The College of Education (COE) has recently been presented with relatively significant budget cut targets by the Provost’s office. The COE faculty are eager to find ways to maintain the excellence of our programs while also achieving the prescribed fiscal goals. Unfortunately, we are not being given the information that would make such collaborative problem solving possible. Frustration levels are high.
In response to this situation, UA stewards in COE recently hosted a meeting of college faculty with UA Executive Director David Cecil. 25 faculty attended, and 28 others sent regrets along with lists of their concerns. The concerns expressed included:
- The metrics being used by the Provost’s office to determine alleged College and Department inefficiencies have not been disclosed.
- The metrics being used to determine individual departmental and program budget cut targets, have also not been disclosed.
- When these concerns about ambiguity were expressed to VP Brad Shelton in a recent faculty meeting, he framed them as expressions of faculty recalcitrance. Many faculty experienced this as patronizing and insulting.
Responses from all levels of administration seem to be lacking.
Faculty are being asked department by department to identify where cuts can be made without compromising the intellectual integrity of degree programs. This is salutary, because it is department faculty who understand the curricular content of programs. It is, however, a difficult task. The difficulty has been compounded by the fact that the budget model for the whole university remains obscure. This has led to what appear to many in the COE to be incoherent directives. For example, COE faculty have been told some solutions are off the table—such as OA reductions, increased enrollments, faculty retirements and faculty buyouts. No rationale for this has been given.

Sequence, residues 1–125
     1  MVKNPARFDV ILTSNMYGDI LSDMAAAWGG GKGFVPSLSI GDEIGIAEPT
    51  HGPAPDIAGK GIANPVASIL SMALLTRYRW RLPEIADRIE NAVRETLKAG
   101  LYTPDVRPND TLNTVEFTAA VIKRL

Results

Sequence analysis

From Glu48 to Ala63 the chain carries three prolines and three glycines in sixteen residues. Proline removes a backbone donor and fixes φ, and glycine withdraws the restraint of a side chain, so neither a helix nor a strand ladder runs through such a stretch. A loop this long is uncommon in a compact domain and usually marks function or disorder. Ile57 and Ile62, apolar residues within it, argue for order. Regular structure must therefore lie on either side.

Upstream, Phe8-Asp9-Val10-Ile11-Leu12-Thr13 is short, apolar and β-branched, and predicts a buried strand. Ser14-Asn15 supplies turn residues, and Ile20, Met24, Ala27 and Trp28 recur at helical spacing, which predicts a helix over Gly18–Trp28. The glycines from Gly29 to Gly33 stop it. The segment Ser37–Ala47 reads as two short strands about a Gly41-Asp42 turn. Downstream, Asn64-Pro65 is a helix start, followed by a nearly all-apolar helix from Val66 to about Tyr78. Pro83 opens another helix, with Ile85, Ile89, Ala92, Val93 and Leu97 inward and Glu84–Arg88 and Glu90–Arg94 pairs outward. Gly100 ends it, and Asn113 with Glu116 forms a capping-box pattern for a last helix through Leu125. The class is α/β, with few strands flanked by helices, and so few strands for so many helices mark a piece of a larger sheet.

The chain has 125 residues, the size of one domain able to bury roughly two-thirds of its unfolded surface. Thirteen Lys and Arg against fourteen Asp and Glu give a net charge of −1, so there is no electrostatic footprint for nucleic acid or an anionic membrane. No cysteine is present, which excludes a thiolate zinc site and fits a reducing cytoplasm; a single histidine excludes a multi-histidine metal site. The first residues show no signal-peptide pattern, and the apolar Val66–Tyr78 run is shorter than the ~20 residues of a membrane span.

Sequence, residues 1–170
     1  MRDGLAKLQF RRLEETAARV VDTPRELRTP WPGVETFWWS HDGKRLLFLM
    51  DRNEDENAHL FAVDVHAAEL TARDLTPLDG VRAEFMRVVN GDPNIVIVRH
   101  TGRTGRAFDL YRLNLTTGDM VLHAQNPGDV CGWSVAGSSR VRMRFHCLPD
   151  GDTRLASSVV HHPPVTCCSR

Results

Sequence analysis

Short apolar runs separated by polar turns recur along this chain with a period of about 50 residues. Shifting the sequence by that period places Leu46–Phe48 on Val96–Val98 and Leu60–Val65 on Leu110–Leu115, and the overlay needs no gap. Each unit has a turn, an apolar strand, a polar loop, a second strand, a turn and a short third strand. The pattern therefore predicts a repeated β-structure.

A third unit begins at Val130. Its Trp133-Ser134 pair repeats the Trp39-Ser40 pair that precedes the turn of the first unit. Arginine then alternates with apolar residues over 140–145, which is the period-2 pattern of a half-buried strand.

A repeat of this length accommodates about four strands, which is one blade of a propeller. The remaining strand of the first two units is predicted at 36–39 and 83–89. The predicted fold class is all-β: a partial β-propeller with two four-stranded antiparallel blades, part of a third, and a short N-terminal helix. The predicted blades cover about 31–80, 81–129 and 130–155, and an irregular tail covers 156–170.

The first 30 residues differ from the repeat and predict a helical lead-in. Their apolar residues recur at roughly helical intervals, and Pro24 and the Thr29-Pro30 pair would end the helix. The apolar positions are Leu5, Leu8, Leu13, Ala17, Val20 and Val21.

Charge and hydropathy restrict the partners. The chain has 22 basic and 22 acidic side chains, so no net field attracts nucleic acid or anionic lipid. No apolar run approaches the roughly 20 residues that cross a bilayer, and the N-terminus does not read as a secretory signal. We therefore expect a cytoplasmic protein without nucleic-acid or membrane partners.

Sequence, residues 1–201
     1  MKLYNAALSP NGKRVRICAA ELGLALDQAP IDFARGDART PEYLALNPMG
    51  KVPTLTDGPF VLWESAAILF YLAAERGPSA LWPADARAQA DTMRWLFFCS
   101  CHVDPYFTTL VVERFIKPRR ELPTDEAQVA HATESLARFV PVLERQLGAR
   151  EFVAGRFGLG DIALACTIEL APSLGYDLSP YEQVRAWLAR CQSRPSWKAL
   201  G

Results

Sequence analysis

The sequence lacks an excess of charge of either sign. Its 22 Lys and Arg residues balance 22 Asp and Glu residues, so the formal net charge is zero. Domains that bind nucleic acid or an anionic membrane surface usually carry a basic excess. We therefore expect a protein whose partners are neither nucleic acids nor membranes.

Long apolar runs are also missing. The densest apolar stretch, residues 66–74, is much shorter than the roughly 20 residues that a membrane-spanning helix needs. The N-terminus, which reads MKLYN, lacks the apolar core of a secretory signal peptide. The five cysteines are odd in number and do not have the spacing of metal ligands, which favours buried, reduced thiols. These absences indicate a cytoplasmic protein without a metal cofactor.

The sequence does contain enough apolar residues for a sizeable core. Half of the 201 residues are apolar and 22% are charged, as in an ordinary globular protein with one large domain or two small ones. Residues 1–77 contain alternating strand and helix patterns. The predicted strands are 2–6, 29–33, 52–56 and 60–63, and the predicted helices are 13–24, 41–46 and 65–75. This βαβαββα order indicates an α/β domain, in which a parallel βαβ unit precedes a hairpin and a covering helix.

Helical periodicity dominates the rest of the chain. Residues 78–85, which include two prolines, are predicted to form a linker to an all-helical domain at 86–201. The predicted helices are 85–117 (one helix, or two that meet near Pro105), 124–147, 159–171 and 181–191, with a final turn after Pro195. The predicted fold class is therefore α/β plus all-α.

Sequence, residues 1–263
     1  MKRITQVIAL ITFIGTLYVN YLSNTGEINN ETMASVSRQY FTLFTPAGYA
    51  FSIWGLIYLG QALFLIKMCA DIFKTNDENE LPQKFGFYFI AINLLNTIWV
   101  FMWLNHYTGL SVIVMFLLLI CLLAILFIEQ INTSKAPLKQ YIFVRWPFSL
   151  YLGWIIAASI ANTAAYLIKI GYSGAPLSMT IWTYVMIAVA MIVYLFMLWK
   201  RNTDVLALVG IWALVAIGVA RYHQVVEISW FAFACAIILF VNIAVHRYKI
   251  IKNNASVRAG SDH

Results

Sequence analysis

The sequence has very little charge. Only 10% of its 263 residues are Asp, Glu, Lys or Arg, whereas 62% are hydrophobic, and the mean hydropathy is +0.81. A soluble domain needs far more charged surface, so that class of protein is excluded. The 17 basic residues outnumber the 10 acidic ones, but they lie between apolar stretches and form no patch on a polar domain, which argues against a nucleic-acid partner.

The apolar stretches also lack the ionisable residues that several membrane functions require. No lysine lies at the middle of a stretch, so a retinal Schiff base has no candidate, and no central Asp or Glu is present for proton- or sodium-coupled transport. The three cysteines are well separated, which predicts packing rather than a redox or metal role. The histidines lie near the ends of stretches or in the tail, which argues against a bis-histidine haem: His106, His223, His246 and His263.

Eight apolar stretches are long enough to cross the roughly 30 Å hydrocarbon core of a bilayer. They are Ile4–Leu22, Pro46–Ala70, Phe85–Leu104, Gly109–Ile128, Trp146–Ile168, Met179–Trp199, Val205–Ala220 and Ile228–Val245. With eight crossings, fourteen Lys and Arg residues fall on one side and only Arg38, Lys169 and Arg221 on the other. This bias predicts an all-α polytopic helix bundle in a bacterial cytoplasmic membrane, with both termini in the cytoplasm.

Given these constraints, college administration have asked faculty to increase NTTF workloads without a corresponding increase in FTE or pay. This appears to be a direct violation of Article 26, Section 9 of the CBA. If so, this will be grieved. This means budget targets must be met through reduction in Career and ProTem NTTF FTE. Many COE degree programs, however, depend on the unique expertise of NTTF.
COE faculty have been directed to cut costs without regard for revenue impact. This makes no sense if fiscal solvency of the COE and the University is the goal. If some revenue generating programs are eliminated, not only will this cause harm to University enrollments it will take years to rebuild the programs once the error of such cuts are realized. However, without a clear and transparent budget model, it is difficult to see what actions affect the College and University bottom line.
The above challenges are further compounded by a proposal that COE departments be reorganized. Again, it is not clear whether this proposal is coming from the Provost’s office or the Dean’s office. Whatever its origin, no fiscal benefit to such a reorganization has been identified. And no curricular benefit has been identified that faculty teaching in those programs recognize. So far faculty see no benefit to this plan that will justify the work it will require of faculty in the coming year. This seems like a distraction from the actual budget problems we face.
Whether these ambiguous directives are emanating from the Provost’s office or the Dean’s office or both, they are creating anxiety and frustration, and motivating faculty to organize for the sake of the coherence of the degree programs in which they work. COE faculty are learning that the CBA, their own Internal Governance Policies, and our union are useful in moments such as these. If similar changes are coming to you unit, and you would like assistance in organizing your colleagues or facilitating a conversation with administration, please reach out to the leadership of United Academics.